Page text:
everywhere in the response made to the tasks the special period demands.

36.  I cannot forget what you told me the Sunday I was there.  You wanted to
know in which task you could be more useful to the country and help more the
country once you finished there. It is true. We are now doing internationalist
work here to defend and strengthen the first socialist revolution of the
Western Hemisphere. [applause] [passage indistinct] I found a little bit of the
same spirit in the Olympic town, in the Pan-American village. It is a terrific
place. Once it is inaugurated or once the people begin to use it, it will be
the best neighborhood in Havana.

37.  Almost 1,500 workers will live under excellent conditions. Not only that,
I believe that the Pan-American villa will begin a revolution in the concept of
housing construction and urbanization. There will be two eras, before and after
the Pan-American villa because it has been proven there that excellent, varied,
and beautiful things can be done with the same materials. It is paving the path
of our future construction projects.

38.  Therefore, those towns that are going to be built at the miscellaneous
crops enterprises and others in our countryside will have the same design as
the Pan-American villa. [applause] A new design has been created. This will be
one of the great legacies of the Pan-American Games.  Towns for technicians and
scientists, towns for agricultural workers will have the same design. Many
scale models and projects are under way and are going to be built in the
provinces to guarantee a permanent work force. This will make future
mobilizations unnecessary.

39.  I was thinking precisely about that on Sunday, on the significance of that
Pan-American villa. I thought about your offer made to you to work in the best
place. This is what we have to think about. Where is your work more useful
among all the things we are doing? Where is your work going to use your
resources right away? Where is it going to give us more foreign currency right
away?  Which project is the best?

40.  There are some projects in which the materials are available and there is
a need to get the construction going. This could represent millions of dollars.
We could place you in some biotechnology project but work is already under way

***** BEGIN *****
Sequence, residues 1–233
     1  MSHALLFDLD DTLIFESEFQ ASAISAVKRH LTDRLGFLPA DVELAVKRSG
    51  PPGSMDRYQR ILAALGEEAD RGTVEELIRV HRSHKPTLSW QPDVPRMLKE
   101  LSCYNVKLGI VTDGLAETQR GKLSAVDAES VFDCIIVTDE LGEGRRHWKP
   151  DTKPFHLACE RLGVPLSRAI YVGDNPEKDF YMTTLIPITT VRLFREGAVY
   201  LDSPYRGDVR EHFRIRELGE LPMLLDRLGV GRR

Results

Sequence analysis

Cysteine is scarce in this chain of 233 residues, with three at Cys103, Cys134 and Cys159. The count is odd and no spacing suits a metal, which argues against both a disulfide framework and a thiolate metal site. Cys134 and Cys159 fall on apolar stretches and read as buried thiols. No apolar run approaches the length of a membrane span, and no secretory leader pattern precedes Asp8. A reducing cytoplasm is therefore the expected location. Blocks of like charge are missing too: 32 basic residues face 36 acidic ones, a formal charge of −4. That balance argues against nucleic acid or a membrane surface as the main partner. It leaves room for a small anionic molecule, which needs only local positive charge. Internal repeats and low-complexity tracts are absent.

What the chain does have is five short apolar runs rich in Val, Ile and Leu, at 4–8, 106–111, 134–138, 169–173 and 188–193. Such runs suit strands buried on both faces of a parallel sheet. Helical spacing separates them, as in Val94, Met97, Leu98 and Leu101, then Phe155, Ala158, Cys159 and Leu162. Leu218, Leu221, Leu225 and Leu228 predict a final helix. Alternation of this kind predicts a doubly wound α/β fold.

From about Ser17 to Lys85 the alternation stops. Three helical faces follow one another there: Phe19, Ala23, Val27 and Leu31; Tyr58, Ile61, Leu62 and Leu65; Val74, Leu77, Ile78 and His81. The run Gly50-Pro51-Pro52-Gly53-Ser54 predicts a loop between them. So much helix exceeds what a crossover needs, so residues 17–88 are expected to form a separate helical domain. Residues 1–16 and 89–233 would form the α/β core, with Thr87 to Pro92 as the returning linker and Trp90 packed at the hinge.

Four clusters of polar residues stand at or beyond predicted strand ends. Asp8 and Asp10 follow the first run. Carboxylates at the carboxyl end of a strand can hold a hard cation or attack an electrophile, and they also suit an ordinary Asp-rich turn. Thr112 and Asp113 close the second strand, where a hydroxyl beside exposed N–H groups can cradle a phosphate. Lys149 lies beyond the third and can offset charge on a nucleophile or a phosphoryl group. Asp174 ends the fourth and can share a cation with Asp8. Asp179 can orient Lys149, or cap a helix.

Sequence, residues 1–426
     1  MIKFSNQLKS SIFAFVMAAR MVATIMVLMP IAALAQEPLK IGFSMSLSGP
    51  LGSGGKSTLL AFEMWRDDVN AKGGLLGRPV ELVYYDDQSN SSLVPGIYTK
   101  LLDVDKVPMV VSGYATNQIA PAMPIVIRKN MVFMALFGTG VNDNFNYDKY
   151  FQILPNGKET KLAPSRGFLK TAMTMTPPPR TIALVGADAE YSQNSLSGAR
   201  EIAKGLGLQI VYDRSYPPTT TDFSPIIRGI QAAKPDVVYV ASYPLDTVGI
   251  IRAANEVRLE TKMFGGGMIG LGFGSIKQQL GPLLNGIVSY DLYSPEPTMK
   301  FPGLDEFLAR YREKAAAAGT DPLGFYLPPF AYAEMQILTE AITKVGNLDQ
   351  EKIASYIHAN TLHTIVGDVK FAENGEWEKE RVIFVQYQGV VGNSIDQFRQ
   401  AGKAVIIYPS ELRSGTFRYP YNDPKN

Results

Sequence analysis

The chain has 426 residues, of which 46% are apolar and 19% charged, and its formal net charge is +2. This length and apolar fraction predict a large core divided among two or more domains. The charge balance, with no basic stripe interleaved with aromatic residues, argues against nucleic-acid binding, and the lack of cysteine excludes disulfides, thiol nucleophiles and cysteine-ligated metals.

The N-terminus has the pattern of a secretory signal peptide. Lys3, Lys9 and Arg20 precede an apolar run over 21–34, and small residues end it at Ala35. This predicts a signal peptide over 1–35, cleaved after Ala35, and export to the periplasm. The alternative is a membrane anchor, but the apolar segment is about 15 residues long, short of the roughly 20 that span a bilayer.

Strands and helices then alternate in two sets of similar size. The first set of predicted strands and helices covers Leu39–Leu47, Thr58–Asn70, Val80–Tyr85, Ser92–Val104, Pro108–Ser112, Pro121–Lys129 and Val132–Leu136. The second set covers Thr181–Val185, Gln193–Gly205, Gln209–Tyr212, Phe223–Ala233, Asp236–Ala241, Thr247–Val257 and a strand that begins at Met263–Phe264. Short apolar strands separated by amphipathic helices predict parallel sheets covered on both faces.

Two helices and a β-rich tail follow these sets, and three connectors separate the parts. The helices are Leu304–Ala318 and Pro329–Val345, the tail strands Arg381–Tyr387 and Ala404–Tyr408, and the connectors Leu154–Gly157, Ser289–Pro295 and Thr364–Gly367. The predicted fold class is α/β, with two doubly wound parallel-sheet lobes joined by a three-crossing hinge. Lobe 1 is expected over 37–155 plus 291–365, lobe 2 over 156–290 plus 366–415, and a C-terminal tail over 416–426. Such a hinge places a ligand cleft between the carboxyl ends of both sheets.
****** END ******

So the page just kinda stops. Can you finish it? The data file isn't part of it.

there. We could place you in some tourist-related project, to complete or
remodel some hotel because from the time it is completed it will represent $6,
$8, or $10 million for the country every year. These are immediate things. We
have not forgotten about the old aquarium idea. We have not given up on it.  It
can be postponed now because there are other more urgent projects. There are
also other tourist-related projects.

41.  Remodeling work is being done at a place that used to be a hotel, the
Chateau I do not know. It will be turned into a very good, high-quality hotel.
We will have an impressive aquarium. It will be good for the population or for
tourists. Now we are going to have to devote our effort where there are
materials we have already purchased, that we have already imported, and has to
be used. Not a single minute can be wasted. Work may continue in some projects.

42.  A final decision has not been made but we will find a project and give it
to you. We will task you to finish such a project in a certain period of time
and with the quality you know how to work and with the necessary support.  We
do not want for this contingent to be dismantled ever. We do not want this
contingent to disperse. We will have to think about other problems a little
later. Not now. Circumstances do not allow us now, but we will have to figure
out how the contingents' housing matter will be solved. This is a problem we
will have to think about and find a solution because contingents have such a
work load that they cannot spare anyone. It is not like the way it happens in
other centers in which 10 workers can be pulled out and the rest do not even
notice it in 10 days because they have a surplus of about 50, just to give an
example. This does not happens with contingents.

43.  We want the Jose Marti Contingent to grow and grow in the way the Blas
Roca has shown it can. The Blas Roca Contingent started out with 150 workers
and it now has 4,000. It will have 5,000 or more because it has six
agricultural brigades. The Blas Roca Contingent has banana brigades. These
brigades will take care of over 200 caballerias of bananas. They will be able
to produce in those 200 caballerias more bananas than the capital is capable of
consuming. It is better that there is a surplus.  If nothing else, we can
export it. They can be given to other provinces if a small storm or some strong
wind goes by over there. The Blas Roca even has agricultural brigades.

44.  Therefore, we want this contingent--which has such a beautiful history,
which has fulfilled an internationalist mission--to continue developing, to
continue growing until it turns into an important and decisive force for the
tasks we may have to carry out here or in other places. It will basically be
here where we will have to fulfill our missions and duties because today to
preserve the revolution, strengthen it, and take it forward successfully is the
most important internationalist mission our people can fulfill. [applause]

45.  Comrades, I warmly congratulate you and I will let you go. [laughter] It
has been for us a great honor and a great pleasure to be with you on this
second anniversary. We are very encouraged when we say: Socialism or death! 
Fatherland or death! We will win. [crowd joins in and applauds]